The dominant public health issue of the past year has been, without question, the COVID-19 virus. But during the pandemic, some of the public health crises that once captured headlines have wreaked just as much havoc as they did before this pandemic — among them, the opioid epidemic. As the United States moves forward with its vaccine rollout, offering the hope of ending the pandemic, it is also important to consider how opioid use has upended the nation with no cure in sight.
In Massachusetts, at least 1,141 people died from opioid overdoses during the first nine months of 2020, a comparable figure to that point in the previous year. These deaths are part of an epidemic that was spurred by the pharmaceutical company Purdue Pharma’s aggressive marketing of prescription painkillers, whose addictiveness was often undersold by the company and its owners, the Sackler family. It is particularly important that our community play an active role in combating this crisis because Tufts itself benefited from the profits made by Purdue Pharma. As the Sackler family faced criticism for its marketing tactics, its members tried to build more positive reputations as patrons of museums and universities, including Tufts, which has received roughly $15 million from the family since 1980.
In 2019, Tufts announced that it would change the name of its Sackler School of Graduate Biomedical Sciences, following activism from students and faculty. And to its credit, Tufts went beyond just symbolic measures, accompanying the name change with the creation of a $3 million endowment for initiatives to prevent and treat addiction and substance abuse. Tufts’ willingness to openly address its relationship with the Sackler family and cut its ties before other universities was a promising sign that the university remained committed to being a pioneer in harm reduction, a philosophy of public health that meets people at their current state and provides care with the recognition that people are often unable to maintain complete abstinence from drugs. But thus far, the actions of the resulting Tufts Initiative on Substance Use and Addiction have been limited to providing $150,000 in seed funding for research on substance abuse and addiction. To truly demonstrate its commitment to a community that has lost family, friends and neighbors to the opioid epidemic, as well as show that it can be a leader in addiction research, Tufts has a unique opportunity: It can help the city of Somerville to open one of the first supervised injection sites in the nation.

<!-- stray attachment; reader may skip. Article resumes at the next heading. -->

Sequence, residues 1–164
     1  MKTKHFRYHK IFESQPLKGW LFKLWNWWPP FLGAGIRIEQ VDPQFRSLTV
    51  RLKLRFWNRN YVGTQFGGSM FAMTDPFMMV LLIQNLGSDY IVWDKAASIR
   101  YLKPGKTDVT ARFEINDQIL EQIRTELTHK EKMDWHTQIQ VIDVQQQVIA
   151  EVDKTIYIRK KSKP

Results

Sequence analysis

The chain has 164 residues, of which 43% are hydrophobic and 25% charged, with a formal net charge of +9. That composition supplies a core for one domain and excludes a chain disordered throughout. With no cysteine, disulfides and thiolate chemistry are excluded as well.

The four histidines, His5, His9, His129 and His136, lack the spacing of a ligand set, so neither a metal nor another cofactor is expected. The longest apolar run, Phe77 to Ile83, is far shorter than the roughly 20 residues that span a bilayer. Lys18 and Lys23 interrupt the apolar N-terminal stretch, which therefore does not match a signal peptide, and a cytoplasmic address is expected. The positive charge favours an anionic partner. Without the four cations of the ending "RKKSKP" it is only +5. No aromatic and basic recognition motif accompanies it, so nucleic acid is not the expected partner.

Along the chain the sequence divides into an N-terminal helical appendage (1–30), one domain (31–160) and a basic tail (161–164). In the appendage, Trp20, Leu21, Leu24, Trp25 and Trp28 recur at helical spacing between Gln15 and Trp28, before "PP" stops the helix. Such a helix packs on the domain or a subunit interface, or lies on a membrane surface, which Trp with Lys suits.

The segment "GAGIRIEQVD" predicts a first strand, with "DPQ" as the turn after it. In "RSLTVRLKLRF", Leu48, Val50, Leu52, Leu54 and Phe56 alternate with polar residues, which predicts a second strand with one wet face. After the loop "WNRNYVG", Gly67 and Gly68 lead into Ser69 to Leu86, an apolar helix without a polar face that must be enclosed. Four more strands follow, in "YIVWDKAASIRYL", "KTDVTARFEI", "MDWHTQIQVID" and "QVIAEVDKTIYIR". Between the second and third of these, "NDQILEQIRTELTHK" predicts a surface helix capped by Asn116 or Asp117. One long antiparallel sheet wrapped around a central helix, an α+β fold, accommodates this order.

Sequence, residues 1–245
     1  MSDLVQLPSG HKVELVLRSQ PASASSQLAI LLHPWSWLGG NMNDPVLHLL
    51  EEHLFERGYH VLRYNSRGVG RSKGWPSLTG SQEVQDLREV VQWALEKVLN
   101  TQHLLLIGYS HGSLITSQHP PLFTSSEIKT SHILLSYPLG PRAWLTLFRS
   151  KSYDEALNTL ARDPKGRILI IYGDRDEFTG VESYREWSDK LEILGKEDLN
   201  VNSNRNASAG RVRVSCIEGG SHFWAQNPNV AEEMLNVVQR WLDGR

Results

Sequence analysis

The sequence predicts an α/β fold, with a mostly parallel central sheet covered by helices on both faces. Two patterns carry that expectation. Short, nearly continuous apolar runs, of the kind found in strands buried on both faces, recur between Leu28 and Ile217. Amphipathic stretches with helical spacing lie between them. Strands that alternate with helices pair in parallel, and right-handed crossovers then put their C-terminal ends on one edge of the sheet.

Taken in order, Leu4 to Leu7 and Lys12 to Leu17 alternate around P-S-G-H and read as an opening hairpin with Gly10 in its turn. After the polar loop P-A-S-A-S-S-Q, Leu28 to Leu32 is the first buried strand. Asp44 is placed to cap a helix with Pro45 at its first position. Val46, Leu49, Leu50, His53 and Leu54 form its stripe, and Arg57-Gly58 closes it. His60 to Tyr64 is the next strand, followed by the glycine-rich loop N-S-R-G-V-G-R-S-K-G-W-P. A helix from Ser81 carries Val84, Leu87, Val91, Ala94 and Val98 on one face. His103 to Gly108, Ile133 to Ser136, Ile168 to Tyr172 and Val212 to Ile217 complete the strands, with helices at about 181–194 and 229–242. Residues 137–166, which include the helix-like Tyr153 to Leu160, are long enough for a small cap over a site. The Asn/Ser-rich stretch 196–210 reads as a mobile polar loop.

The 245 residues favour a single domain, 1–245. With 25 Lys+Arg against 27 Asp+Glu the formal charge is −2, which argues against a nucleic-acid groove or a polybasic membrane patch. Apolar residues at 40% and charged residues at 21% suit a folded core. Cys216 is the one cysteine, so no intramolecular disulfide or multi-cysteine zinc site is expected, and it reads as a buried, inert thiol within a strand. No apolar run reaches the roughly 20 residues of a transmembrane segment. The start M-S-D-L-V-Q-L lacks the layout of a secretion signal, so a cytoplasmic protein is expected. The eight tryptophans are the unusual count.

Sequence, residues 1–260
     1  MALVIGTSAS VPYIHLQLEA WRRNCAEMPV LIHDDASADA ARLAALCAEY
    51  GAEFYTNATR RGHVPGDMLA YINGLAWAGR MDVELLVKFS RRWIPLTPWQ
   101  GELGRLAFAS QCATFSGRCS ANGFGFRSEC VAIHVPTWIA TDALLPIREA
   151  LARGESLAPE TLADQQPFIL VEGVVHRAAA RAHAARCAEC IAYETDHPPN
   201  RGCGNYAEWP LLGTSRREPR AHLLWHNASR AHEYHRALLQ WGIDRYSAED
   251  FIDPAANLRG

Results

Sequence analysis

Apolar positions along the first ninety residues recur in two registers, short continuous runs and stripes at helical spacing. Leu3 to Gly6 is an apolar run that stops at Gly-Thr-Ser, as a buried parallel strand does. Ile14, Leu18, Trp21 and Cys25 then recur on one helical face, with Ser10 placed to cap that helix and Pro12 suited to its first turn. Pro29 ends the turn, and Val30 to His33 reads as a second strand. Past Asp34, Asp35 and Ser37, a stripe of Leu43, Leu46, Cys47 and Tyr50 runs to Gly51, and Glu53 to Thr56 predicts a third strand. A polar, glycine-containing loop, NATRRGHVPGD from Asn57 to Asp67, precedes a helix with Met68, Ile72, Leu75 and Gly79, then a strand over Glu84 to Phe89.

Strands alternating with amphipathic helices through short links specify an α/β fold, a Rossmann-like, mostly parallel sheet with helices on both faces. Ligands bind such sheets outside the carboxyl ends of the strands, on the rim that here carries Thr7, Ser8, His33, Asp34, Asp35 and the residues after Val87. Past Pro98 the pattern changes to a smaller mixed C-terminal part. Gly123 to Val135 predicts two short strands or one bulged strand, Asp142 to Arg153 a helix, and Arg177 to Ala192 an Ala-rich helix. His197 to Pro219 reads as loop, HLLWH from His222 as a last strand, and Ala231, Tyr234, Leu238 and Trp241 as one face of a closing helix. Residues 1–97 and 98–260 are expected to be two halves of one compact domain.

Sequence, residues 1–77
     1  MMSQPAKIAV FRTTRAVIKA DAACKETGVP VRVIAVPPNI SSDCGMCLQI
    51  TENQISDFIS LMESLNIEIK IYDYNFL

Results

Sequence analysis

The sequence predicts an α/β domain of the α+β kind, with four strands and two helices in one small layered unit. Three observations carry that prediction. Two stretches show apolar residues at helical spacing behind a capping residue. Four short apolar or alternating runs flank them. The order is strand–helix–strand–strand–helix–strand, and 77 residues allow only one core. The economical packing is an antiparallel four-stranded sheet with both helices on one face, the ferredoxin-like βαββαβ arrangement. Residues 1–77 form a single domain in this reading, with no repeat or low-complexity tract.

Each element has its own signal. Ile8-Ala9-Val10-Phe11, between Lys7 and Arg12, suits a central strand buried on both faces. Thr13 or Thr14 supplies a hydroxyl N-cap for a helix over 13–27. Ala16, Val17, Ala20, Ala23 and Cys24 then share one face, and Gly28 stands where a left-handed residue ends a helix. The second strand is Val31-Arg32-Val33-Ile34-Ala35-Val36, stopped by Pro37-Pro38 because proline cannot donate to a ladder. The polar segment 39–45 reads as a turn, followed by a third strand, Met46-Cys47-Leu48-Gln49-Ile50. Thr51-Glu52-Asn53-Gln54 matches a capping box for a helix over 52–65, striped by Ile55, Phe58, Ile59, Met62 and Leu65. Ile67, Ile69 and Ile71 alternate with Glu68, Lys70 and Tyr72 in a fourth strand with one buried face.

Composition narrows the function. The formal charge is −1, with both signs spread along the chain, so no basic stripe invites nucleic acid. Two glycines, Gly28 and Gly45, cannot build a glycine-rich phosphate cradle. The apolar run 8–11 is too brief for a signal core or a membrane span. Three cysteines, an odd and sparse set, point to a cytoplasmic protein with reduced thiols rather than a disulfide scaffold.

Supervised injection sites, where people can inject drugs under the supervision of nurses and authorized medical staff, have thus far been opened in countries such as Canada and Australia, but not the United States. In 2019, Somerville Mayor Joseph Curtatone pledged to open the country’s first such site right here in Somerville, though the pandemic has forced the city to delay its plans. If the city were to open such a site, it would have the potential to both save lives and more broadly shift the opioid epidemic from being a criminal justice issue to a public health one.
Mayor Curtatone announced his plans earlier this month to not seek reelection, adding uncertainty to the future of supervised injection sites in Somerville. But if Tufts is truly committed to its Initiative on Substance Use and Addiction’s aim “to help the countless individuals and families who have suffered as a result of the opioid crisis,” it should lend its name — and its financial resources — to backing a policy that studies have shown is associated with lower overdose mortality. As an institution that has accepted money made through the exploitation of people in pain, Tufts has both the opportunity and responsibility to offer its resources to support the opening of a supervised injection site. Direct political advocacy regarding an issue like this would without a doubt be controversial; what matters most for public health, however, is reducing fatality, not controversy.
There is no amount of money that can replace the lives lost to the opioid epidemic, nor is Tufts alone capable of changing the enduring criminalization of public health and systems of racial capitalism that have obstructed equitable drug policy in this country. However, the Tufts Initiative on Substance Use and Addiction, with the help of researchers and students at Tufts, can take steps to help fund and advocate for a supervised injection site here in Somerville, which has the potential to save lives and reduce dangerous stigmas surrounding drug use.